Ship Spotter Spotlight: Joana from Germany

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In 2021, we started to put the spotlight on our passionate ship spotters. Each month, we introduce another ship spotter of In April, you’ll meet Joana (User name: Joanapen), an inland skipper from Bavaria, Germany.

What is your maritime background?

My name is Joana; I‘m 60 years old and live in a small village in the Dachau district near Munich, Germany. I am an inland skipper by profession, mainly driving as a pilot on the Danube between Straubing and Vilshofen. I shoot vessels once a week. From time to time, I also go to other waters as a replacement (vacation or illness replacement) for about 14 days.

Joana at work on a barge.

What is your motivation for being a ship spotter?

I was born in Hamburg and have been fond of ships from an early age. Even as a 2-year-old, I always wanted to go to the port with my parents to see the vessels. When I was 15 years old, I got my first camera, and I’ve been photographing ships ever since. I’m the owner of an extensive private ship database, and I also work closely with the Maritime Museum in Regensburg. Some publications also contain photos of my ships for visual documentation. Furthermore, I am a super presenter in “” and also upload pictures myself.

Which technical equipment do you use for vessel photography?

Since vessel photography is only a hobby for me, I don’t have any special equipment. I prefer NIKON and currently use NIKON Coolpix B600. When the weather is bad, I use NIKON Coolpix S33 because it is waterproof. Sometimes, depending on the situation, I also take photos with my Samsung SA 20 mobile phone.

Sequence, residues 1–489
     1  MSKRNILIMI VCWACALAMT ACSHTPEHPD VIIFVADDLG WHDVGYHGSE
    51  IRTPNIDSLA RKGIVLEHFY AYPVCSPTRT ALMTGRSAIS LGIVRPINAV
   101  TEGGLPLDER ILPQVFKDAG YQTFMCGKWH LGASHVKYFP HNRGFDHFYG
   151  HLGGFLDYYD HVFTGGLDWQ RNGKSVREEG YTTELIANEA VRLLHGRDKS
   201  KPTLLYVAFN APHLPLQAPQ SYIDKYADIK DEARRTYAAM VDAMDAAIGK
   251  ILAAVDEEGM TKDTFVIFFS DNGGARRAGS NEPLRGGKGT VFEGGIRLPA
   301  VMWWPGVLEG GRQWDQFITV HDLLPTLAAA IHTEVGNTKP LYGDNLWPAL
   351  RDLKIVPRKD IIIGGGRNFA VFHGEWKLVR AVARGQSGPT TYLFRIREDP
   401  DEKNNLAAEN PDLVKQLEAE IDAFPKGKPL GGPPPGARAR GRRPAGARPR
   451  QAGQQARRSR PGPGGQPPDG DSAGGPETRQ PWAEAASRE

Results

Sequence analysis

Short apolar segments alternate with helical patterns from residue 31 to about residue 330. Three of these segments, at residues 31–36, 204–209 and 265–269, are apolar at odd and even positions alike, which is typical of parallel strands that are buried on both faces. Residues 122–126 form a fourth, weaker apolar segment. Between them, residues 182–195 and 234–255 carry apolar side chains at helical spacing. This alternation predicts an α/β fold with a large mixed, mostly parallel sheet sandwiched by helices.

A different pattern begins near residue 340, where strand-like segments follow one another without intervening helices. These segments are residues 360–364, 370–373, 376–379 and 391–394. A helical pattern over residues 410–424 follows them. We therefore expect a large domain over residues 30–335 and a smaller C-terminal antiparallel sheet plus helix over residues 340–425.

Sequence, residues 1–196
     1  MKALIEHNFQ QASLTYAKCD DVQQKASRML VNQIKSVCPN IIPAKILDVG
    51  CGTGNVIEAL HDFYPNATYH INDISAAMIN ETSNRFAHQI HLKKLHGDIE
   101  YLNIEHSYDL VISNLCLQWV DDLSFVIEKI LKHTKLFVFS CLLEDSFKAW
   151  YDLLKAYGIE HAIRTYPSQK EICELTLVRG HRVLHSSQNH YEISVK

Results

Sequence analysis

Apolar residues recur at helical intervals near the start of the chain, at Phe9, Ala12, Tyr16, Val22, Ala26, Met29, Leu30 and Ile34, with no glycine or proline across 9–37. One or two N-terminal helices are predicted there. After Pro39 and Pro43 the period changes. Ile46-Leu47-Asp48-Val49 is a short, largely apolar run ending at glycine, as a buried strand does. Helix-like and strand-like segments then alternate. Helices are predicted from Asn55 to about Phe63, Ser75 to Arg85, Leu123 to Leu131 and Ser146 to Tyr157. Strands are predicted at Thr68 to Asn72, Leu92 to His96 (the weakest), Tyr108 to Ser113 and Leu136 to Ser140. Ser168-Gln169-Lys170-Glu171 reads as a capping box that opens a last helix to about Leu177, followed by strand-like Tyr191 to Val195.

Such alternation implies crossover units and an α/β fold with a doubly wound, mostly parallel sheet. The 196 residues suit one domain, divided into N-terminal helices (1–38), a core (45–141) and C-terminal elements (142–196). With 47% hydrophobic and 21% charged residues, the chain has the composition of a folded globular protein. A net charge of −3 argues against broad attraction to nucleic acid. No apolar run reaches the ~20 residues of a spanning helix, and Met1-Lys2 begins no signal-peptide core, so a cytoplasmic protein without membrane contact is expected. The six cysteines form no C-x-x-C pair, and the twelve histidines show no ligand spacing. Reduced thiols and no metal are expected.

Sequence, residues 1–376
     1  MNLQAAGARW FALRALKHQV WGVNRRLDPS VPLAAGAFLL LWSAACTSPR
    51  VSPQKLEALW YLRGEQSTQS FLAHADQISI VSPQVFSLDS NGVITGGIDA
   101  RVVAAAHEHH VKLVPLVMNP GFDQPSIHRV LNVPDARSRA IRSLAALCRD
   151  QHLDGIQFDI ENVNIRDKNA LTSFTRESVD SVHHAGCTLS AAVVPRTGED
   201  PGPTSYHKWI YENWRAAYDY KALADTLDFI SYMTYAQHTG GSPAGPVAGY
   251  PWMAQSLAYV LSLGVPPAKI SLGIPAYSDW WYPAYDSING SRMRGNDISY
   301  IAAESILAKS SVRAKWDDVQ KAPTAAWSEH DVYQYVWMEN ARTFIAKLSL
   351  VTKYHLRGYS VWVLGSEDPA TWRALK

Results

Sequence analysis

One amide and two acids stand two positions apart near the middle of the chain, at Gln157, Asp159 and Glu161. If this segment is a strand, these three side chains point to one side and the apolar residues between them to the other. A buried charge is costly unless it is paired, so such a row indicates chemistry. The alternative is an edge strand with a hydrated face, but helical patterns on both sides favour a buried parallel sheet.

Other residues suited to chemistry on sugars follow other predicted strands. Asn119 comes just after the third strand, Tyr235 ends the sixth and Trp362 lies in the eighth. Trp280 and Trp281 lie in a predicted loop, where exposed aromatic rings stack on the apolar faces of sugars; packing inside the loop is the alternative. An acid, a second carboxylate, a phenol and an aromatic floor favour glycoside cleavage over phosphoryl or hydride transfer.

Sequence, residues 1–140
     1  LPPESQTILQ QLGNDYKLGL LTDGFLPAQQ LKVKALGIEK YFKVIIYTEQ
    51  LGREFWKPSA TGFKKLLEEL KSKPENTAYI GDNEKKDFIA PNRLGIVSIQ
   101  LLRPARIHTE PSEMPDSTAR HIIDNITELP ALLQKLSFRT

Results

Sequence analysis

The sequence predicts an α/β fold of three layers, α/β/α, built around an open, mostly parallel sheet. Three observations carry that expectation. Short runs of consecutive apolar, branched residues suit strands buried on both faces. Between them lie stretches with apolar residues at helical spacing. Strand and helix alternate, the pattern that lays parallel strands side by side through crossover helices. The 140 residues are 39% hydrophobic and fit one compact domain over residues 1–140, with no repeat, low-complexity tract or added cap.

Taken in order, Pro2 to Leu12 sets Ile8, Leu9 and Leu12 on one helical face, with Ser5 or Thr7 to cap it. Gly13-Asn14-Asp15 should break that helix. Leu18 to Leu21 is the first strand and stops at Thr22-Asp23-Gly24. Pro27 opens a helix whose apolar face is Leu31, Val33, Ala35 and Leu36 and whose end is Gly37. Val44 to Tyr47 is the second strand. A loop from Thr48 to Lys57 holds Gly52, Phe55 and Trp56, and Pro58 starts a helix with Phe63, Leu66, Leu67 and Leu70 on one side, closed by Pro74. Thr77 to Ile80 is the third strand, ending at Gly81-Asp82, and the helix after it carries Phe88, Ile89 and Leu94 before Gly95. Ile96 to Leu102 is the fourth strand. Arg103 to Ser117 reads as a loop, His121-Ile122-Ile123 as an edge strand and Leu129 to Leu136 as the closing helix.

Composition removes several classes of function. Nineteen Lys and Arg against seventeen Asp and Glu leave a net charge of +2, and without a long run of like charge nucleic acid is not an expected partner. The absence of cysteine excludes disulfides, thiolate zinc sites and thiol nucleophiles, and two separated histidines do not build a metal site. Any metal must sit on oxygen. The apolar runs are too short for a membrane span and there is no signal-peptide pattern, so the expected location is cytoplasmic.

Which vessel types do you like to take photos of the most and why?

Inland vessels of all kinds. Due to my place of residence and my profession, I almost exclusively only deal with inland vessels. In inland navigation, you can better incorporate the surroundings into the ship photo, e.g., mountains, rocks, reflections of the landscape, old places as backdrops, etc.

How many pictures of different vessels have you collected since you started?

Oh dear, I can’t say that. There are also a lot of “paper photos” that I have not yet digitized. 6 – digit in any case and the number of different ships must be around 8,000.

What are your favorite ship spotting locations?

I take most of my photos from the ship. My favorite spots are the German and Austrian Danube and the Altmühltal (eastern Main-Danube Canal) and in the Middle Rhine Valley. These locations are the most scenic, in my opinion. And I know a lot of secret places in those areas where you can take good photos. If a site is suitable for ship spotting depends on the season and daytime, the lighting conditions matter. In my private life, I do photo tours by car. That means, in connection with an AIS program, I drive a route and photograph the ships at different locations in one day. The AIS program helps me to see where the vessels of my interest currently are. I’m most interested in hull transport, new navigation on the Danube, renaming of ships, or ship conversions.
I would love to go to Mississippi and Ohio one day because of the large push convoys there.

Joana relaxing in the sun.

Which is your best shot on Please tell us about the moment when you took it.

Joana’s favorite vessel photo.

That day I waited in the upper water of the Geisling / Danube lock to board the MAIRA. The Danube was as smooth as glass, and the lighting conditions were excellent. To be able to take a picture like this, I called the master of the MAIRA before the lock gate opened and told him that he should exit the lock very slowly to avoid any waves. I think he did very well. And so I created the picture just like in my imagination.